J had directed the original Body/Mind/Change experience in a co-production with CFC Media Lab, Tiff and Canadian Heritage. We wanted to do something awesome in VR for Tiff in 2014. J introduced me to Ana Serrano the founding Director of the CFC Media Lab. The CFC Media lab is a world-renowned new media research, training and production think tank environment created in 1997 by the Canadian Film Centre (CFC). Another perfect match for VR. With Ana as Producer we got the permission we needed to make the Body/Mind/Change VR teaser, and so, here we are.
RtoVR: Who initiated the project?
Renaud: Not sure about the original Project, but for this one it was an Ana and J combo. So, the CFC.
J: Both Ana and I we’re looking into VR and had an interest in working in the space. Since we we’re right in the middle of finalizing the B/M/C project, we thought it would be great to wrap it up with a final short VR extension. With the great talents of Blair, Tim and 1188 we built the first version of the teaser and presented it at the CFC Annual BBQ during TIFF. Due to the tremendous response we quickly got into a discussion with our partners at TIFF to extend what we had created into a larger experience. They thought it was a great idea and ‘Body.Mind.Change. Redux’ was born.
RtoVR: Are you personally a Cronenberg fan? Was it daunting meeting him? What’s your favourite film by him?
Renaud: I’m a huge fan of Cronenberg. Mostly 1980’s Cronenberg. Scanners, Videodrome, The Dead Zone and The Fly are some of my all time favorite’s. I don’t enjoy all of his work, but I appreciate it none the less. Not sure there is anyone out there who’s work I enjoy 100% of.
RtoVR: Was it just POD and Technolust you demo’d or were there others? Did either David or Brandon get sick?
Renaud: Yes just POD and Technolust. Neither of them felt the slightest bit sick. They had both had experience with 90’s VR. So I think the were used to a lot worse. Brandon mentioned that they had the VFX1 in their home. I didn’t let David move around much in Technolust. Just teleported him around and let him take in the scenery.
RtoVR: What were David’s aspirations for BMC? How creatively involved was he?
J: I can’t speak directly from David on this question, in fact the original Body/Mind/Change project was designed by amazing creative Lance Weiler. Lance designed the blueprint for the full BMC Transmedia experience, where I was in charge of directing the retrospective film component. From what I know, he did very much enjoy the base concept, that BMC had licensed the works of David Cronenberg to use in their development of POD (Personal On Demand). I think overall that David’s lasting relationships with both CFC and TIFF had him leaving the development of the project to the people they put in charge of creating the works. Almost as if he enjoyed to simply stand aside to see what we would create based on his work. He has been very supportive along the way.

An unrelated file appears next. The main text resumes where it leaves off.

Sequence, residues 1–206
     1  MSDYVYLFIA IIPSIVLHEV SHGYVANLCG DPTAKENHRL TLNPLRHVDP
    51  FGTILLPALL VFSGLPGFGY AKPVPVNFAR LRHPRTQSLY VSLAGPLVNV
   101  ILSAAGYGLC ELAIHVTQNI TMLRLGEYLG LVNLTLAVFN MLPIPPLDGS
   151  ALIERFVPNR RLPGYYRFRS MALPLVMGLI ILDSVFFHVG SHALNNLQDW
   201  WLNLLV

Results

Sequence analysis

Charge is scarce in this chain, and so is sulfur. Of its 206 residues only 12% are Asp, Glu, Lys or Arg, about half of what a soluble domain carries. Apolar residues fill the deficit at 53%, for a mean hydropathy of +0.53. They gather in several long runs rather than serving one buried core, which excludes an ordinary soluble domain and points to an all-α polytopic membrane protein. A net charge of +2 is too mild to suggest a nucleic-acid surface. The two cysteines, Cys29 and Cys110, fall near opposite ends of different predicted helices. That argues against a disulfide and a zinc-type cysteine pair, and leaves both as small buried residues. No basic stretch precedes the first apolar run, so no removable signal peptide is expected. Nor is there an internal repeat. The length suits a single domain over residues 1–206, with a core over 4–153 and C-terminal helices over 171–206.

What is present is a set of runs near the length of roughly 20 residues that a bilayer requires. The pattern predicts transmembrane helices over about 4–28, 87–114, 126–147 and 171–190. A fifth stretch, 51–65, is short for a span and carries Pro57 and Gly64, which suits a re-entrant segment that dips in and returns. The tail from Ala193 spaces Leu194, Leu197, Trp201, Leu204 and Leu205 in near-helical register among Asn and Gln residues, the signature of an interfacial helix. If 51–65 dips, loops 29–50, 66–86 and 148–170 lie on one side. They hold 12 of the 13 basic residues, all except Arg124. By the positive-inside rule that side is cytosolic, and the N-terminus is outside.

RtoVR: Did you get the impression David might investigate or pursue VR projects in the future?
J: Maybe ;)
RtoVR: Did you discuss VR movie making at all?
Renaud: We did a bit actually. Mostly about the issues with telling a proper narrative with it and the failures of films shot entirely from the first person POV.
RtoVR: What was your impression of David? Was he what you expected?
Renaud: I liked him! I’m not one to be star struck. I generally try to surround myself with artistic and intelligent people. To me, he just seemed like a good person. Intelligent, genuinely interested, and obviously, creative. If he was overly eccentric, I’m not sure I would notice. haha!
RtoVR: BMC was a digital extension to the TIFF experience. Might it live on as an autonomous entity?
Not sure I can talk about that :P
J: The original VR experience was created as a digital extension to B/M/C, but has gone on to become something of its own. The final will be a stand alone experience.
RtoVR: Were Occupied VR entirely responsible for production / content design? Did you have a hand in the creative side too?
Renaud: The only real source material I had to work with were the minds of those that had worked on the original experience, a beautiful model of POD that Matt Bilweicz created and all of the fantastic video footage from the original B/M/C. I had a ton of creative input.
We only had three weeks to create it from concept to completion. J, Tim and I furiously brainstormed and came up with the concept, then I dove in. I came up with a lot of it on the fly (pun intended). For instance, I created the telepods from The Fly in about an hour one night on a whim. It all came together thanks to the brilliant team that destiny built.
RtoVR: Will there be a public release of the POD demo?
Renaud: Yes. Very soon. I’ll be pushing out a copy to my Technolust backers in advance, and we’ll follow it up with a release on Oculus Share.
My thanks to Blair Renaud and J. Lee Williams for taking the time to share their thoughts. The POD 3.0 experience teaser will be available shortly to Technolust backers. You can find more on Occupied VR at their site here. Pre-order Technolust for the Oculus Rift right here.